## Modelling improvements in experience data - I

In the first of a pair of blogs we will look at how to allow for changes in mortality levels when calibrating models to experience analysis. We start with time-varying extensions of traditional parametric models proposed by actuaries, beginning of course with the Gompertz (1825) model:

\[{\rm Gompertz}: \mu_{x,y} = e^{\alpha+\beta x + \delta(y-2000)}\qquad (1)\]

where \(x\) denotes exact age and \(y\) denotes calendar time. \(\alpha\) is the intercept, i.e. (loosely) log(mortality) at age zero, while \(\beta\) is the rate of increase in log(mortality) by age. \(\delta\) is the rate of change of mortality in time (more on this later), while \(-2000\) is an offset to keep the parameters well-scaled. \(\alpha\) is only loosely the value of log(mortality) at age zero because of the term \((y-2000)\); in equation (1) \(\alpha\) is in fact the value of log(mortality) at age zero at 1st January 2000.

The Gompertz model typically fits well over the age range 60–90, but it doesn't allow for the slowing rate of increase of log(mortality) at advanced ages. If data above age 90 are present, the logistic Perks (1932) model is usually better:

\[{\rm Perks}: \mu_{x,y} = \displaystyle\frac{e^{\alpha+\beta x + \delta(y-2000)}}{1+e^{\alpha+\beta x + \delta(y-2000)}}\qquad(2)\]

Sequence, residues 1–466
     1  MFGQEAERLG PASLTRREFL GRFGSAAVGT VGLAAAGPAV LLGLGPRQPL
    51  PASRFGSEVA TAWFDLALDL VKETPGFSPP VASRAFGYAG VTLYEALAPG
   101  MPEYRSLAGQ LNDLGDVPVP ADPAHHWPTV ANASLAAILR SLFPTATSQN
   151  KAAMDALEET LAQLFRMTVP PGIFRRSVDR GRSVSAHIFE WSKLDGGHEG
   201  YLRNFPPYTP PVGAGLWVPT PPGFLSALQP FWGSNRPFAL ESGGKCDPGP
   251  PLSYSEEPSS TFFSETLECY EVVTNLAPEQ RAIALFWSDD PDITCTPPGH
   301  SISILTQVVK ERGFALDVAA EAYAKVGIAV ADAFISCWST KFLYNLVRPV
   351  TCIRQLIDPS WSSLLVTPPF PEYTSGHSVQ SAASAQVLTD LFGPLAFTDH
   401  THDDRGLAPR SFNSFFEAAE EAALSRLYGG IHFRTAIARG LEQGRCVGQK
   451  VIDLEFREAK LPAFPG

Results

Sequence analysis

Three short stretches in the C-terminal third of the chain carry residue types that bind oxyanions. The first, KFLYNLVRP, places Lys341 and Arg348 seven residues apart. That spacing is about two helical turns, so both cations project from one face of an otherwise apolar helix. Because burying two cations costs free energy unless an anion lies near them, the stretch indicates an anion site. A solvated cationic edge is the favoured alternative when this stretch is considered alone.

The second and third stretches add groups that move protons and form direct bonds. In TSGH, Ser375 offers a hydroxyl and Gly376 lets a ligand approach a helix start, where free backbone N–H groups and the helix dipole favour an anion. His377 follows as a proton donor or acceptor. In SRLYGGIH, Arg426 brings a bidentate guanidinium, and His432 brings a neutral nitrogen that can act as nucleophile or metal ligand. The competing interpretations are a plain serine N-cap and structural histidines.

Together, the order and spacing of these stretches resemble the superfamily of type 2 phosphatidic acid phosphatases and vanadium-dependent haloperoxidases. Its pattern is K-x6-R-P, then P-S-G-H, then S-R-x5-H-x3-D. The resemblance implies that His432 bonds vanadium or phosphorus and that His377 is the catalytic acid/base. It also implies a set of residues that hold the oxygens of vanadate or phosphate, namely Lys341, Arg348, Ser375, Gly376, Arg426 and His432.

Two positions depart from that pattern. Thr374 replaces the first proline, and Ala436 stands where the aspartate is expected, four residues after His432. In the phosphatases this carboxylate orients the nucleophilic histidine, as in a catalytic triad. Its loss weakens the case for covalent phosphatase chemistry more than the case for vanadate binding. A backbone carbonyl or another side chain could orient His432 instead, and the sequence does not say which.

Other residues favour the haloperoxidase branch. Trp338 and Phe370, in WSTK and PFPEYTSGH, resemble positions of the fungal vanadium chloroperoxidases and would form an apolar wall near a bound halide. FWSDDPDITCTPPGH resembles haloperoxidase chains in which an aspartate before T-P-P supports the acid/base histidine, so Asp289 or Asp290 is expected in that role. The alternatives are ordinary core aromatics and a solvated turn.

If more flexibility is needed in the rate of change at advanced ages, then there is the Beard (1959) model:

\[{\rm Beard}: \mu_{x,y} = \displaystyle\frac{e^{\alpha+\beta x + \delta(y-2000)}}{1+e^{\alpha+\rho+\beta x + \delta(y-2000)}}\qquad(3)\]

where the new parameter \(\rho\) is related to the limiting rate of mortality (see the earlier blog on the cascade model of mortality). The above three models don't allow for the semi-constant mortality between ages 50 and 60, for which we also have the Makeham-Perks (1932) model:

\[{\rm Makeham-Perks}: \displaystyle\frac{e^\epsilon+e^{\alpha+\beta x + \delta(y-2000)}}{1+e^{\alpha+\beta x + \delta(y-2000)}}\qquad(4)\]

where \(e^\epsilon\) is the minimum rate of mortality. We fit these four models to experience data from a large English pension scheme and calculate the implied annual improvement rate around the mid-point of the exposure period \(100\%*\left(1-\mu_{x,2005}/\mu_{x,2004}\right)\). The results are shown in Figure 1.

Figure 1. Implied annual improvement rate per annum for equations (1)-(4) fitted to experience data for an English pension scheme (ages 60–105, 2001–2009).

Figure 1 shows that the constant implied improvements under the Gompertz model are the least realistic. The logistic forms of the other models not only fit the data better in terms of the AIC (not shown), but also provide a more sensible (i.e. lower) rate of improvement at older ages. Perhaps the best of the four models is Makeham-Perks, which provides the greatest variation in shape of improvement rate over the age range shown.

**References**

Beard, R. (1959) Note on some mathematical mortality models, in *The Lifespan oif Animals*, edited by G. E. W. Wolstenholme and M. O'Connor, Little, Brown, Boston, 302–311.

Gompertz, B. (1825) The nature of the function expressive of the law of human mortality, *Philosophical Transactions of the Royal Society*, **115**, 513–585.

Perks, W. (1932) On some experiments in the graduation of mortality statistics, *Journal of the Institute of Actuaries*, **63**, 12–40.

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